Static IP address configuration

How can I configure a static IP address?

I’m fairly comfortable with Linux in general, but clearly missed recent developments in this area (on Ubuntu/Lubuntu that is). Fiddling with the ‘/etc/network/interfaces’ file seems not to be the way anymore.

Well, I’ve figured it out… I’ve tested it on my laptop (with WiFi).

Static IP etc. can be set by the GUI (desktop-)function: nm-connection-editor.

It is all straightforward, and on a per-connection base, which is very convenient in the case of WiFi.

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After finding out how to configure networking items things with the nm-connection-editor application, I’ve digged a bit further. Lubuntu and friends use an elaborate method of configuring network devices (NetworkManager), while I was still used to (say) the ‘‘Debian-way’’, with the more minimalistic ifconfig-method, with if-up-down-scripts, aided by ConnMan on the desktop.

If you don’t like configuring your systems network with an application, and prefer to configure it (as root), you should have a look at how NetworkManager (the system) works, including the command-line tool for controlling NetworkManager: nmcli.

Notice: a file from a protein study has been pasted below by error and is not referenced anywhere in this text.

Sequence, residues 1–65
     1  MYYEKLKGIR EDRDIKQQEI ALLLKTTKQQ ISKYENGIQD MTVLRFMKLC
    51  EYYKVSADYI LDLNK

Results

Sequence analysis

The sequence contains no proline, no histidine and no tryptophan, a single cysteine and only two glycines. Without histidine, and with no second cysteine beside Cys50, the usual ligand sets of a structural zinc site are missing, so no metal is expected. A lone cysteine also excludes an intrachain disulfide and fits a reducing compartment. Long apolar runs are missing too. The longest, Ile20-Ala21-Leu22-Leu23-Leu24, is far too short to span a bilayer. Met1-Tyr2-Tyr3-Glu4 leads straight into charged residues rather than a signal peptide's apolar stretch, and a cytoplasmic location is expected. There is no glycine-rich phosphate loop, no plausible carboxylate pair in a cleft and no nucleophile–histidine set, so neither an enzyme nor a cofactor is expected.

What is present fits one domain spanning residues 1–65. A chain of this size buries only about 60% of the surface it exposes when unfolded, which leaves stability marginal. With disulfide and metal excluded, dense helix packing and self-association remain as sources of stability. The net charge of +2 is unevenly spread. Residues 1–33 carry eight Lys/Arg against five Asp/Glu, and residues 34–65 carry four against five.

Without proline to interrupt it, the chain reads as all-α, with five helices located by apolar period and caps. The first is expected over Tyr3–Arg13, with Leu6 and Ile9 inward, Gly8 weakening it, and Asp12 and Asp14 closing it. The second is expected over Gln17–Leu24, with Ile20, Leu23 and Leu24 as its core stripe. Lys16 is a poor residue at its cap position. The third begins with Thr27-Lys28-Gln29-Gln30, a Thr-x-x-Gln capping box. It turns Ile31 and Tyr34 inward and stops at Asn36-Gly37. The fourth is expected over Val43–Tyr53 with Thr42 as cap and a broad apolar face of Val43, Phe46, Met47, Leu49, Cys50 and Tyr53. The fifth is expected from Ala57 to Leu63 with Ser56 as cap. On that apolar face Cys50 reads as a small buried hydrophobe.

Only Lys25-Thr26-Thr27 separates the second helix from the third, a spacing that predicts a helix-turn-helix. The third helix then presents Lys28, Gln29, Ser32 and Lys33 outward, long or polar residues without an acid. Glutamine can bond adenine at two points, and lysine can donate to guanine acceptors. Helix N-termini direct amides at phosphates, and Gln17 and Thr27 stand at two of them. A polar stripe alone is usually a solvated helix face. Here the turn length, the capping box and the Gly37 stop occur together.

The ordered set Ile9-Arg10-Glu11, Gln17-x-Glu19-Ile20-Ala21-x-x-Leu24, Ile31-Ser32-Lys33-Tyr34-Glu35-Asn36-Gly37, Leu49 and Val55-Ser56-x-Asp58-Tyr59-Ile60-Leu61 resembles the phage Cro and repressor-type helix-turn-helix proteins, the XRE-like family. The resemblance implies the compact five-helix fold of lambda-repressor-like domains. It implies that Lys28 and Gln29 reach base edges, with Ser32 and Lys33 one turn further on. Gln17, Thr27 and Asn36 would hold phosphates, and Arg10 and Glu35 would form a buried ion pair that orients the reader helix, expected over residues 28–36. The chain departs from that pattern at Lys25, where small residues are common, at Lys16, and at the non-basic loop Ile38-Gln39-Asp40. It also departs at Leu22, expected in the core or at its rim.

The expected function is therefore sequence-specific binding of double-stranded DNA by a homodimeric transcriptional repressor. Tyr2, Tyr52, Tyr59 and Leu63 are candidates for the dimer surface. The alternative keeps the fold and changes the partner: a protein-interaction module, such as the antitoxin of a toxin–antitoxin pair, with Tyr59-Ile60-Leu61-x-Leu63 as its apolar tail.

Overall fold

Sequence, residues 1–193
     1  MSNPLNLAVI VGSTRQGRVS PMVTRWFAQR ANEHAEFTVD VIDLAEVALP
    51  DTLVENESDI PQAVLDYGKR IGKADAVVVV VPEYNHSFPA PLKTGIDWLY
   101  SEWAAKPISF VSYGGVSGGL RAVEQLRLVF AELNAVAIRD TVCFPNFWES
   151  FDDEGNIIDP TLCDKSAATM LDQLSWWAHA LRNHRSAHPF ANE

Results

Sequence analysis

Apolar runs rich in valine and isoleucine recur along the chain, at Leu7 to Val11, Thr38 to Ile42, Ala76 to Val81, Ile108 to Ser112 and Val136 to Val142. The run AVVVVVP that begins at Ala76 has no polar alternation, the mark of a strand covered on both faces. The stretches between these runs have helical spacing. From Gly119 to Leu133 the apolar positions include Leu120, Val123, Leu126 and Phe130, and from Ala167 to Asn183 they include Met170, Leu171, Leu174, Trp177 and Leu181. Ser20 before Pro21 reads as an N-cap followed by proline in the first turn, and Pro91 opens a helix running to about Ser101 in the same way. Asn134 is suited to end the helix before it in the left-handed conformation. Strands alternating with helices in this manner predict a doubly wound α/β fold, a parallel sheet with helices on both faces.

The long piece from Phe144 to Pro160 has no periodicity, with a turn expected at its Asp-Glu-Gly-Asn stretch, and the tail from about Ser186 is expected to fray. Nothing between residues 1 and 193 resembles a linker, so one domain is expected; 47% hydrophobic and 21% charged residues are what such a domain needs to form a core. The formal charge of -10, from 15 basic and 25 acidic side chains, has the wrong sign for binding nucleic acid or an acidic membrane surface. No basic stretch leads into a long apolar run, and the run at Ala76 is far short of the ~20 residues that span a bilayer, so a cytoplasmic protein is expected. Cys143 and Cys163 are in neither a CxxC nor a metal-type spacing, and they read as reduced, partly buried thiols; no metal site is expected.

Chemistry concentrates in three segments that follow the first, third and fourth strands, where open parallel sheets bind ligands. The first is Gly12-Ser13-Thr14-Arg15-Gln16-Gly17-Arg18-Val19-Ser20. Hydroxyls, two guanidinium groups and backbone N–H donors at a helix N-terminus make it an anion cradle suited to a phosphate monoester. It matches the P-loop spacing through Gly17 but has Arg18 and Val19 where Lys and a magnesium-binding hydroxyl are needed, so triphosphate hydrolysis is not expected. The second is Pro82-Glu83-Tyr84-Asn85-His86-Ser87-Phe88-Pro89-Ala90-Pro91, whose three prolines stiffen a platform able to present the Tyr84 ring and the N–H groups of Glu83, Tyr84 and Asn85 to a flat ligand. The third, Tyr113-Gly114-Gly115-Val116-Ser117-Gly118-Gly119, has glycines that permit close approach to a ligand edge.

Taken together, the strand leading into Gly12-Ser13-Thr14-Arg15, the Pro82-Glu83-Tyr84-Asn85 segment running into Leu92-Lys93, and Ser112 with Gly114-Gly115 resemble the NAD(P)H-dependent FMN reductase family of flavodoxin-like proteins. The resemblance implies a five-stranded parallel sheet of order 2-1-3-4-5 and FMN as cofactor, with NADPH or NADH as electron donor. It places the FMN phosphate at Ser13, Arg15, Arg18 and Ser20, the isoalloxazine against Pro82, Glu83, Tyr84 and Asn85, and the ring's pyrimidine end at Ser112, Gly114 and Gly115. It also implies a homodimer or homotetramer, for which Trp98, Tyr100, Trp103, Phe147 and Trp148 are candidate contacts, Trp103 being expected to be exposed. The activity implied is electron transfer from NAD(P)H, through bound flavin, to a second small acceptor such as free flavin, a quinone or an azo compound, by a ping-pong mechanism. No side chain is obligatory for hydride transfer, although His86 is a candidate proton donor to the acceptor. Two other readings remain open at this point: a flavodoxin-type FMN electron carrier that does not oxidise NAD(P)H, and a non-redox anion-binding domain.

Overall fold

WiFi connections are stored in files at location: /etc/NetworkManager/system-connections. It might be a dangerous bend, but worth having a look at what’s going on there :sweat_smile:.

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If you correctly specify a static IP address as described above, but omit the DNS server entry, you will be using implicitly your gateway DNS (via the systemd-resolved service). The traditional file(-link) /etc/resolv.conf shows IP address (as it always is with a static or dhcpd provided IP address).

If you specify a DNS record you may wonder why it does not show up in (the file linked by) /etc/resolv.conf.

In both cases you will see, which is the default systemd-resolved DNS resolver.

Verify the use of your specified DNS('s) with the following command:

$ resolvectl status

Note: The ubiquitous tools nslookup and dig will do what they are intended to do (show the resolved IP address of its arguments), and additionally show you as the resolver IP address (i.e. the DNS used by the system). This is correct behaviour (ofcourse) but can be confusing. I am a great fan of systemd. After a mildly steep learning curve it is easy to use for personal daily usage (starting your own programs as services). For me, the network part remains vague. Perhaps a challenge for one of the technical writers on board of the Lubuntu team?

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